But if you want to see the biggest, most ambitious AI thing going at Apple, you need to know about Ferret. Ferret is a multi-modal large language model that can take instructions, focus on something specific you’ve circled or otherwise selected, and understand the world around it. It’s designed for the now-normal AI use case of asking a device about the world around you, but it might also be able to understand what’s on your screen. In the Ferret paper, researchers show that it could help you navigate apps, answer questions about App Store ratings, describe what you’re looking at, and more. This has really exciting implications for accessibility but could also completely change the way you use your phone — and your Vision Pro and / or smart glasses someday.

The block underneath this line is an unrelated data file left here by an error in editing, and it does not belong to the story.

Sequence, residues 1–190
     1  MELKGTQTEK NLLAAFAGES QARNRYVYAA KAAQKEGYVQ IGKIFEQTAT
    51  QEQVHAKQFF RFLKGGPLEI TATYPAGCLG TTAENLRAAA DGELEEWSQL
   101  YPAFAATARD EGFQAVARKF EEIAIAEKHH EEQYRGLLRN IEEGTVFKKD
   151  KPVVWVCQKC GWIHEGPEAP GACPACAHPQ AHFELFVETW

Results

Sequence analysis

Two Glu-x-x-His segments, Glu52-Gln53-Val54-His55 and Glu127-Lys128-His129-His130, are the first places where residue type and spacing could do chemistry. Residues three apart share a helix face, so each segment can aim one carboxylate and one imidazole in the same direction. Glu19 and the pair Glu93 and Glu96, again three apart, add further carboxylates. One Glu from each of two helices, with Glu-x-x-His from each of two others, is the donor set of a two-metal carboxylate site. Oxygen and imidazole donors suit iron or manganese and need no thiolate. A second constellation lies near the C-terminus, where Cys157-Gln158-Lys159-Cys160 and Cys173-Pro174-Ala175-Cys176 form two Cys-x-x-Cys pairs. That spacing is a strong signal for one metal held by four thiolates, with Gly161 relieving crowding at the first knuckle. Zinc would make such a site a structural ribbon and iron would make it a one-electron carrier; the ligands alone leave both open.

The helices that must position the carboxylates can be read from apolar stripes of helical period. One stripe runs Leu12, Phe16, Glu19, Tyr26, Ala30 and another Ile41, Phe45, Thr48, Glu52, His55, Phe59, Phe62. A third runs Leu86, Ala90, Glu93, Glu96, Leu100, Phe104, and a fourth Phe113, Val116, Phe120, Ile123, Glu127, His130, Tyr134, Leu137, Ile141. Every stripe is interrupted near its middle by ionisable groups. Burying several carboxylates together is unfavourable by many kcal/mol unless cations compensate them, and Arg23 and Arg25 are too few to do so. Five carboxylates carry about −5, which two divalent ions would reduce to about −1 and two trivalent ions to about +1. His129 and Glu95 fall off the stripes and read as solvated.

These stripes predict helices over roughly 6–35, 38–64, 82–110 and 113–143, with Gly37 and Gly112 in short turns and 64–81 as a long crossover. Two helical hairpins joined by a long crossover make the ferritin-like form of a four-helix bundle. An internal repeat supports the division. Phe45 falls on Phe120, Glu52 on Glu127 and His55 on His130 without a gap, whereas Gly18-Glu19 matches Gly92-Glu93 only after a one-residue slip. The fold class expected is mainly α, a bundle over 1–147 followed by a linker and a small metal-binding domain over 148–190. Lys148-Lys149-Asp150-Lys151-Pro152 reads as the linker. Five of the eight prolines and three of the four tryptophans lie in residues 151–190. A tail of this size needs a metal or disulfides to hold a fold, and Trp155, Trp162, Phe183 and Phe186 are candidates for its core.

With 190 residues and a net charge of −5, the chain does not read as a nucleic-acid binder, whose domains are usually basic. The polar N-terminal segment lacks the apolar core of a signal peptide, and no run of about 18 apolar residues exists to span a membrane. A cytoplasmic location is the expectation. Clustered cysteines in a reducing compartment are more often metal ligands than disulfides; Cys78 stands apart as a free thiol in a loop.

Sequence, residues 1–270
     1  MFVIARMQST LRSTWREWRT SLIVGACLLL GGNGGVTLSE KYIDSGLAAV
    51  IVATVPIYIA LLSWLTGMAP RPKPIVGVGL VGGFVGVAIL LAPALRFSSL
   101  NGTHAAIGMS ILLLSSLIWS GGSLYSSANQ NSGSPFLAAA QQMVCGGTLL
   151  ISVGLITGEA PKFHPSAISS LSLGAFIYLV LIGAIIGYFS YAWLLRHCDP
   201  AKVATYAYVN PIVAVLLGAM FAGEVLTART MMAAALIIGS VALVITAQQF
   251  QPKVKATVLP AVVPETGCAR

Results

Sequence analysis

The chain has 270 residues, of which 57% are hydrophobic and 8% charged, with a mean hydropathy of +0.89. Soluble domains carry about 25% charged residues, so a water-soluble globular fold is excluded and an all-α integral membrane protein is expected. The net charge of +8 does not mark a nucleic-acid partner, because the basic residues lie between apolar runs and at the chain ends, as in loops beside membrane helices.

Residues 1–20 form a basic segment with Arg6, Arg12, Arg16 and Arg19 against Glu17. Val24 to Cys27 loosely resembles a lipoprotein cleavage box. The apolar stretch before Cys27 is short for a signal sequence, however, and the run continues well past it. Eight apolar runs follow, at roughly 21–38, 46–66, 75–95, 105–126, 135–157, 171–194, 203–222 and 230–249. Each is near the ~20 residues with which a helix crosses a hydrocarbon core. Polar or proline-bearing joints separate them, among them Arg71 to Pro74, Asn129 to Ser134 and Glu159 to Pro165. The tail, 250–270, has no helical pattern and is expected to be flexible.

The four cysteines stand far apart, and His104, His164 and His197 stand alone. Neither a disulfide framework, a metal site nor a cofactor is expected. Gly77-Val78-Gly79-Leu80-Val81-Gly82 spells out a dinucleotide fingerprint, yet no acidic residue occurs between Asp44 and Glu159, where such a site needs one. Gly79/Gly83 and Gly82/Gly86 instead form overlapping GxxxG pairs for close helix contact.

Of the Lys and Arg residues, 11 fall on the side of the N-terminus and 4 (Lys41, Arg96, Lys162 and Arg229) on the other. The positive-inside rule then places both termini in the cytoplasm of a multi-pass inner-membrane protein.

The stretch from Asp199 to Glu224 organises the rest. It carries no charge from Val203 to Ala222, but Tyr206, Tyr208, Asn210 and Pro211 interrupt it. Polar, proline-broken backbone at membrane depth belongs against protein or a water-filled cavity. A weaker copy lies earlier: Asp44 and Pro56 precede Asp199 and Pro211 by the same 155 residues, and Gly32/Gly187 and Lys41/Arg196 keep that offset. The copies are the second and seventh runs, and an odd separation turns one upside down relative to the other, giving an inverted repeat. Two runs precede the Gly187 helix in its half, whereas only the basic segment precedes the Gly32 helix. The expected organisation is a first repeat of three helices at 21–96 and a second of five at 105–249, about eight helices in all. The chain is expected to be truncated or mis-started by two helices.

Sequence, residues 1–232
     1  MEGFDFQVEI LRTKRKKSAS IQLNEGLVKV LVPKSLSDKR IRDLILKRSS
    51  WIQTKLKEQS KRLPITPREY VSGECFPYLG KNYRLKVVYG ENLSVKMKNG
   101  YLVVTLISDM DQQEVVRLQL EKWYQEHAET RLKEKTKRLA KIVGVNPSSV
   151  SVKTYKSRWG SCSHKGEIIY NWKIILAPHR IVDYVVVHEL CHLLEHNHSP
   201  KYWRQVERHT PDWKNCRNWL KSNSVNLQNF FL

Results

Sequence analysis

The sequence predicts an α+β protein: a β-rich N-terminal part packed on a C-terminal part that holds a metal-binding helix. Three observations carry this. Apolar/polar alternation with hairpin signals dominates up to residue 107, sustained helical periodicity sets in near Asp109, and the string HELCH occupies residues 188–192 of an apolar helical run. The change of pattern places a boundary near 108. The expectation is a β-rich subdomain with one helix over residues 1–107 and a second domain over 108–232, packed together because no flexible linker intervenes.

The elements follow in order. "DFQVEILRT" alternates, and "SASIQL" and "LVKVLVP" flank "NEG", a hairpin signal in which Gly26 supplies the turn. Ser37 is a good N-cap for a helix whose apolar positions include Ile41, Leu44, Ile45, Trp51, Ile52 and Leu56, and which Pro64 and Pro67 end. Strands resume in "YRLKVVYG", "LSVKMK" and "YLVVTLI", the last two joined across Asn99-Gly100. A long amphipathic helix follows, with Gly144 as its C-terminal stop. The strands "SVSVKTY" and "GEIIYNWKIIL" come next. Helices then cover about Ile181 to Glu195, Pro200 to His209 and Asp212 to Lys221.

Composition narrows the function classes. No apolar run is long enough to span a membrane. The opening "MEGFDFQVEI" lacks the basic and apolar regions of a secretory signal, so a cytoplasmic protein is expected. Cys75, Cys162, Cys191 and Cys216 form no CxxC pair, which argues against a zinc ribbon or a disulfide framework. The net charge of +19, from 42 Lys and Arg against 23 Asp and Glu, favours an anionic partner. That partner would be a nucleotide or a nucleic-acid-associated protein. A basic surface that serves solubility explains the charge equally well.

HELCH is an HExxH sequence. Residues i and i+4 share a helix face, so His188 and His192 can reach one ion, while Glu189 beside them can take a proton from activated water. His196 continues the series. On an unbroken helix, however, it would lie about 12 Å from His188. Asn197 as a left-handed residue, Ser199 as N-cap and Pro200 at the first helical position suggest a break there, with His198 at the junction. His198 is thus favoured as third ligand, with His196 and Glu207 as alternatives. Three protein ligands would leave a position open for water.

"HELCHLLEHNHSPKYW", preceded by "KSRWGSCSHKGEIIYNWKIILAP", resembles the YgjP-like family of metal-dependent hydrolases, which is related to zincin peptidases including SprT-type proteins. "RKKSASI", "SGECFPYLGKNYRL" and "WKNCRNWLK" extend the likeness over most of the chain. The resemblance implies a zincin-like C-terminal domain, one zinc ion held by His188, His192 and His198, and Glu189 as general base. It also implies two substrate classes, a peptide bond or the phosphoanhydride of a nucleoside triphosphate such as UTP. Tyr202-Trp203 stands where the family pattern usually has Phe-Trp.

We’re getting way ahead of ourselves here, but you can imagine how this would work with some of the other stuff Apple is working on. A Siri that can understand what you want, paired with a device that can see and understand everything that’s happening on your display, is a phone that can literally use itself. Apple wouldn’t need deep integrations with everything; it could simply run the apps and tap the right buttons automatically. 

Again, all this is just research, and for all of it to work well starting this spring would be a legitimately unheard-of technical achievement. (I mean, you’ve tried chatbots — you know they’re not great.) But I’d bet you anything we’re going to get some big AI announcements at WWDC. Apple CEO Tim Cook even teased as much in February, and basically promised it on this week’s earnings call. And two things are very clear: Apple is very much in the AI race, and it might amount to a total overhaul of the iPhone. Heck, you might even start willingly using Siri! And that would be quite the accomplishment.